Palmer_Alter_Ego2012 Alter Ego. Inky purple color. Plum, blackberry, and blueberry. Medium body. A bit more tannic than the Palmer ’12. While some say this is an earlier drinking wine, I wouldn’t touch this for several years. 91

2009 Alter Ego. Lots of dark fruits, smoke, and tobacco. Velvety texture. Tannic grip similar to the ’12 Alter Ego. A little drying on the finish. 90


Palmer_2012_20102012 Château Palmer. Deep ruby/purple color. An interesting, expressive nose of dark and red fruits, violets, and rich chocolate. Does have some grip, but is surprisingly not overly tannic. Medium acidity on the finish. 92

2010 Château Palmer. More floral than the 2012, and more concentration overall. Notable oak influence. Though subdued, a layered nose, with lots of ripe fruits and some truffle and earth. Full-bodied and a wonderful mouthfeel. Grippy. A long finish. Not a stunner yet, but has the makeup. 94


Palmer_2000_20052005 Château Palmer. Has lost its purple hue, with edges starting to show some lightening. Nice complex aromatics, with profile similar to the ’10. Fantastic on the palate. Excellent concentration and balance. Silky tannins. One of the favorites of the night. 96

2000 Château Palmer. A bit less powerful than the ’05 and ’10, exuding more elegance. A darker nose, with dark fruits, tobacco, cigar, and sous bois. Elegant reservation on the palate. Very fresh finish, with good length. I may ultimately prefer this style to the ’05. 94


Palmer_1990s1996 Château Palmer. Medium ruby color. Starting to show some signs of age. Red fruits, brown spice, tobacco. Can’t fault the balance and concentration. Not one of the best ’96 from the Left Bank, but a solid performer. Likable and charming. 93

1995 Château Palmer. More Merlot in the ’95 than the ’96, but more tannic on this evening. Similar aromatics to the ‘96, but more in your face. A bit more spiciness as well. Full-bodied and weighty. Still some formidable tannins. Probably not yet at peak. 94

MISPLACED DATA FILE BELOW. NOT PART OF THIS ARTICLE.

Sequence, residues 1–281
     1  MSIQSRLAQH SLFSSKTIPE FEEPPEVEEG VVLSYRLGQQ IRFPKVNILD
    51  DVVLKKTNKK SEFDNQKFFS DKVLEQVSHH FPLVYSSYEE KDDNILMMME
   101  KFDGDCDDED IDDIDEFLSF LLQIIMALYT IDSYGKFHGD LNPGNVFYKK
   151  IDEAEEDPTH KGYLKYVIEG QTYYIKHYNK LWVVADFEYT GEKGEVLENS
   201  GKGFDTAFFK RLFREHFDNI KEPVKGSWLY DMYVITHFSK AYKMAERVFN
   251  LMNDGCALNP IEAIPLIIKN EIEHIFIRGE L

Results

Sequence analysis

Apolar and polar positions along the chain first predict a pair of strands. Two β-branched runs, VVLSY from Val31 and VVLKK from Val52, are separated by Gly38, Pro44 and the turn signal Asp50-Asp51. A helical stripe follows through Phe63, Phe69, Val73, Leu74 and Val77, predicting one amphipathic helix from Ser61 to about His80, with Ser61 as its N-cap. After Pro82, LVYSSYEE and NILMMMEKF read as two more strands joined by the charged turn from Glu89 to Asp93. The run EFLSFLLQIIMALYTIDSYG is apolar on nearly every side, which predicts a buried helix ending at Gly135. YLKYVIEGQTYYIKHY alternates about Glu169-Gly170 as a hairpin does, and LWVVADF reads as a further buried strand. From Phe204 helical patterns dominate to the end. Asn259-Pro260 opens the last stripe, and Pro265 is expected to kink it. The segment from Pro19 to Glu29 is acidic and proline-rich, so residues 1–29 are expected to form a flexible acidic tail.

1990 Château Palmer. Just a beautiful nose, with sweet red fruits, mint, leather, and flowers. Pure elegance, a lovely mouthfeel. Ultra-long finish that leaves you wanting more. One of the best Palmers I have tried. 98


Palmer_19881988 Château Palmer. More tannic than the ’90. Some described it as strange. Had a unique nose, with some dried fruits, tobacco, mushroom, and green peppers. A finish with formidable tannins and a hint of bitterness. Still had some aged Bordeaux charm. 92

1986 Château Palmer. Layers on the nose, with nice fruit, musk, and spice. Silky mouthfeel. Quite structured and tannic, but nicely balanced. A great finish that is its best attribute, very fresh. Would give this a few more years, but seemingly lots of potential. 95


Palmer_19831983 Château Palmer. Another fantastic nose, with lots of black cherry, cassis, and violets. Lots of complexity on the nose and palate. Not as memorable as a few others, but a very, very good wine. Another great finish. I should note that some at the tasting felt that this ’83 seemed different from recently tasted bottles. 96

1978 Château Palmer. Showing very well. Perhaps the surprise of the night. Not as much depth as some of the younger wines, but still had excellent balance and concentration. Lots of cherry and tobacco. Great finish, with lots of length. 95

1975 Château Palmer. Tried this one week ago, and this bottle was quite different. Much more tannic than the ’78 and ’83 (and the ’75 from one week ago). Some funkiness to the nose, with truffle, tobacco, and red fruits. Amazing how different two bottles can be from the same vintage. 93


Palmer_1970_19661970 Château Palmer. Lots of leather, old library book, and cherry. A little shy and laid-back on the palate. Still with solid structure. Notable acidity on the finish. 93

1966 Château Palmer. Easily the WOTN, edging out the ’90. A pure beauty. Had the most earthy notes of the tasting. Cherry, fig, leather, mushroom, and sous-bois. Near perfect balance. Silky mouthfeel, reminiscent of the ’90. A long, long finish, with balanced acidity. Perhaps the best Palmer I have ever tasted, and significantly better than the ’66 I tasted from two weeks ago. 98

Palmer_group                Tasting hosted by Jean-Louis Carbonnier from Château PalmerPalmer_corks